At least four people witnessed an avalanche that killed a Fairbanks woman who was heli-skiing on Saturday near the Matanuska Glacier, said a spokesman for the Alaska State Troopers.
Erin Lee, 40, was rescued from the avalanche and brought to the Mat-Su Regional Hospital, where she was pronounced dead.
Lee was part of a group heli-skiing that day on a mountain about 7½ miles from the Glenn Highway east of the Matanuska Glacier, said Austin McDaniel, a spokesman for the troopers. It wasn’t immediately clear which mountain the avalanche occurred on because troopers have not visited the exact site, said McDaniel, who noted that another group was heli-skiing in roughly the same area Saturday.
Lee was one of four guests in the Majestic Heli Ski group led by one guide that afternoon.
Majestic Heli Ski is based near Mile 115 of the Glenn Highway, about halfway between Palmer and Glennallen. The heli-ski company offers all-inclusive packages that include heli-skiing or boarding in the Chugach and Talkeetna mountains, according to their website. Majestic Heli Ski did not respond to messages for this story.
Two skiers and a guide were at the base of the mountain after finishing a run when Lee began skiing and an avalanche was triggered, McDaniel said. One other skier was at the top of the mountain. All four in the group saw the slide bury Lee, McDaniel said. No other skiers were caught in the avalanche and there were no other injuries, according to McDaniel.
Lee was equipped with a full set of avalanche safety gear, including an avalanche beacon, rescue probe, shovel, harness and avalanche airbag system, McDaniel said. Lee did not deploy the avalanche airbag system during the avalanche, he said.
All of the skiers in the group were equipped with similar safety gear and the guide had additional communication equipment, McDaniel said. According to the company’s website, all Majestic Heli Ski clients undergo safety training about hazards and how to use the safety or rescue gear.
“Based on our investigation, it sounds like witnesses, including the guide, were able to follow what was occurring and they were able to go right to the area and utilize any of the beacon technology,” McDaniel said.
Lee was recovered by the group and flown to the hospital in the Majestic Heli Ski helicopter. It was not clear exactly how long Lee may have been buried, but McDaniel said about an hour had passed from the time the avalanche was triggered to the time Lee reached the hospital.
Troopers were notified of the avalanche around 2 p.m. and a trooper from the Glennallen area responded to a nearby lodge to talk with witnesses, McDaniel said.
When avalanches occur, troopers routinely work alongside local rescue groups, military organizations, state park officials, the Department of Natural Resources and avalanche centers to perform rescues or piece together the details of what happened. Often, in-depth reports are conducted in the days following by experts at the avalanche centers to determine what may have triggered an avalanche.
It’s not clear what triggered Saturday’s avalanche and McDaniel said there is not currently a plan to investigate that.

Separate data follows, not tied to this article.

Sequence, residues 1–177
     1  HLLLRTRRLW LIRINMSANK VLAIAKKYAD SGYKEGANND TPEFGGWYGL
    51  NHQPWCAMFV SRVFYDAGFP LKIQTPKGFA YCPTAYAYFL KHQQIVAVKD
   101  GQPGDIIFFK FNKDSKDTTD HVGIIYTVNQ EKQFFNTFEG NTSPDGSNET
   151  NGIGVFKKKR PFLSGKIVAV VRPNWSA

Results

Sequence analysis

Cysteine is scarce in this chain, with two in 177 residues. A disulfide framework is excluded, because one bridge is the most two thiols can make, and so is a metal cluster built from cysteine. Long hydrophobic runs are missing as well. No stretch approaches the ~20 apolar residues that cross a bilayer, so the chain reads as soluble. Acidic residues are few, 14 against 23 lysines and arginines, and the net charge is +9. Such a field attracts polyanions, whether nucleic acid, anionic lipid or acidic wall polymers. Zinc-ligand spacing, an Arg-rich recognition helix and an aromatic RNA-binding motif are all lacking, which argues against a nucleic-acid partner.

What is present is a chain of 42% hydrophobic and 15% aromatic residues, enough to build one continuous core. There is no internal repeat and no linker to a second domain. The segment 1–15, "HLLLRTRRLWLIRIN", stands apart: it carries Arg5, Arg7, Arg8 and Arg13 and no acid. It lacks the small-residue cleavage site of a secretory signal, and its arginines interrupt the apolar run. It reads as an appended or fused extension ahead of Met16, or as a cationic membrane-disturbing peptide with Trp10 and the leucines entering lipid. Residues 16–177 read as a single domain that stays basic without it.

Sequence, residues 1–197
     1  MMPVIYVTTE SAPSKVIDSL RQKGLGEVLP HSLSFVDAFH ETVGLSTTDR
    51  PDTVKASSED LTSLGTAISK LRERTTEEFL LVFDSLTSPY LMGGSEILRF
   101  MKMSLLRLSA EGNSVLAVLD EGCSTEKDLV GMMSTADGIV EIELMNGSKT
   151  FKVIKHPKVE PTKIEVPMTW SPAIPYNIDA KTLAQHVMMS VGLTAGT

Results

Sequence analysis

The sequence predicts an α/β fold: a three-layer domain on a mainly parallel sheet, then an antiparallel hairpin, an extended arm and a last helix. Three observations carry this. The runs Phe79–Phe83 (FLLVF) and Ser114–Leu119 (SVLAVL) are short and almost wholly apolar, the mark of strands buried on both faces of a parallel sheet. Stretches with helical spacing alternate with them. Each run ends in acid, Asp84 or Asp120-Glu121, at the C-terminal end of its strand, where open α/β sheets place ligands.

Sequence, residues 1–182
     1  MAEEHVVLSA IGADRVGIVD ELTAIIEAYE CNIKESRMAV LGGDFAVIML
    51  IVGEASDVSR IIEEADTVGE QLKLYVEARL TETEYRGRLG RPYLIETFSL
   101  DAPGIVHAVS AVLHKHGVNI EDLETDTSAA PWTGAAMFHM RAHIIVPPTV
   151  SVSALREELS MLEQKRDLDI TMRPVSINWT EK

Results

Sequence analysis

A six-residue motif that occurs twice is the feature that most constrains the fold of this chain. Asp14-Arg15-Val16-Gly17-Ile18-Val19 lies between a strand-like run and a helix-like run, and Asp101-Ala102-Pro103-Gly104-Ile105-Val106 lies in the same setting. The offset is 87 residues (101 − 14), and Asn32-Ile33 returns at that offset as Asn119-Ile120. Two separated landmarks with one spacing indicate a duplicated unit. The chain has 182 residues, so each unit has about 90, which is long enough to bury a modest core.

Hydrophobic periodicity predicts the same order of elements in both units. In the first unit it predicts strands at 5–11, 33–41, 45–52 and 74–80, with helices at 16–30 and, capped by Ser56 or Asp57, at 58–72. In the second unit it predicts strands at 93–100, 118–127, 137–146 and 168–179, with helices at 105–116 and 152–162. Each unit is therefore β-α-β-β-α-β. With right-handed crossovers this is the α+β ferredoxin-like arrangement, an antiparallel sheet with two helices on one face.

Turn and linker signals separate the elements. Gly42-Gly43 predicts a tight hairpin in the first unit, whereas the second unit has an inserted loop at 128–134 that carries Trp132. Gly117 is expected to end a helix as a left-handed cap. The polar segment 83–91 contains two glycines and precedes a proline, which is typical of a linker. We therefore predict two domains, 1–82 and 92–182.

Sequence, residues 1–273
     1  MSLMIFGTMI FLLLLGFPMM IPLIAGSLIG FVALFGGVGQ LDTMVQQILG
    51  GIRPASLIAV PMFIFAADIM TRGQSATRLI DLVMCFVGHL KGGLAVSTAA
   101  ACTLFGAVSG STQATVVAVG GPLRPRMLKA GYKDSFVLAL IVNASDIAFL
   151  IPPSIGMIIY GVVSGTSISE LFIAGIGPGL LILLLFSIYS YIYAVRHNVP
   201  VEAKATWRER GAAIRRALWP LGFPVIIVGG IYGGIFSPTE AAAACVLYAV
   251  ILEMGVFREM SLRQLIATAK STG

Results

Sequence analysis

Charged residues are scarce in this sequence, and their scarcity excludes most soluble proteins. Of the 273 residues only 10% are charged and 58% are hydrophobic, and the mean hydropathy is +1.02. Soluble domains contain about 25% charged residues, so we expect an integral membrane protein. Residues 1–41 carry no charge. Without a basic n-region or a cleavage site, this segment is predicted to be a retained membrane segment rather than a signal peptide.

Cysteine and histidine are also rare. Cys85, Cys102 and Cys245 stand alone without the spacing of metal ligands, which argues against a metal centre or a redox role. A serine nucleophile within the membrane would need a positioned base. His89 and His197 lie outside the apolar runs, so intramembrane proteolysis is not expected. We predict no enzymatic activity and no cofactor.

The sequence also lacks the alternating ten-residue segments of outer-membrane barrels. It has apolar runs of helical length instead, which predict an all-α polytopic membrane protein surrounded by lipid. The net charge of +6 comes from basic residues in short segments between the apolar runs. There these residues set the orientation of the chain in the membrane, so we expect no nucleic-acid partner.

“The availability of having witnesses see what happened is key in us making the decision on trying to track down an avalanche specialist to go out there and determine a little bit more closely what had happened,” McDaniel said.
The area where this avalanche occurred falls outside the direct forecast zones for the Hatcher Pass and Chugach National Forest avalanche centers. A forecast from the Hatcher Pass Avalanche Center, which covers an area about 60 miles west of the area where the avalanche occurred, categorized the likelihood for an avalanche on Saturday as considerable at all elevations.
New snow fell in much of the Matanuska-Susitna Borough last week, which caused some instability for avalanche conditions in the Hatcher Pass area. Numerous natural, human and remotely triggered avalanches were reported Friday, including one that crossed and closed a road, the avalanche center wrote.
Guides at Majestic Heli Ski “continuously gather data and evidence, take field observations, perform snowpack tests, monitor weather conditions and evaluate and forecast the snow stability and the avalanche hazard,” the company’s website said.
All backcountry recreating has risks, McDaniel said, but avalanche deaths are typically a less common occurrence. Lee was the fourth person in Alaska to die after being involved in an avalanche this season. In early February, three climbers died when an avalanche occurred on a steep and challenging route of Bear Mountain near Chugiak.
This winter, 36 people have died in avalanches across the country, marking one of the highest numbers of fatalities in a single season in recent years. In a statement earlier this month, an avalanche forecaster at the Chugach National Forest Avalanche Information Center attributed much of the danger to unstable snowpack conditions in the Lower 48 that were much worse than in Alaska. An increase in outdoor recreation may also be contributing to the higher number of fatalities, the forecaster wrote.
Five men died Saturday during a heli-skiing trip when their helicopter crashed near the top of a high ridge above the Knik Glacier in the Chugach Mountains southeast of Palmer. One man survived the crash but was in serious condition. The group consisted of the pilot, three guests and two guides from Tordrillo Mountain Lodge.
McDaniel said he and other officials with the state troopers could not recall any deaths other than the six Saturday that were related to heli-skiing in recent years. A Southeast Alaska Backcountry Skiing Adventures heli-ski guide was buried in an avalanche near Haines in 2014, and eventually died, following the death of another guide from the same company on a Haines-area heli-ski trip in 2013. An avalanche near Haines killed an Alaska Heliskiing company guide and a snowboarder in 2012.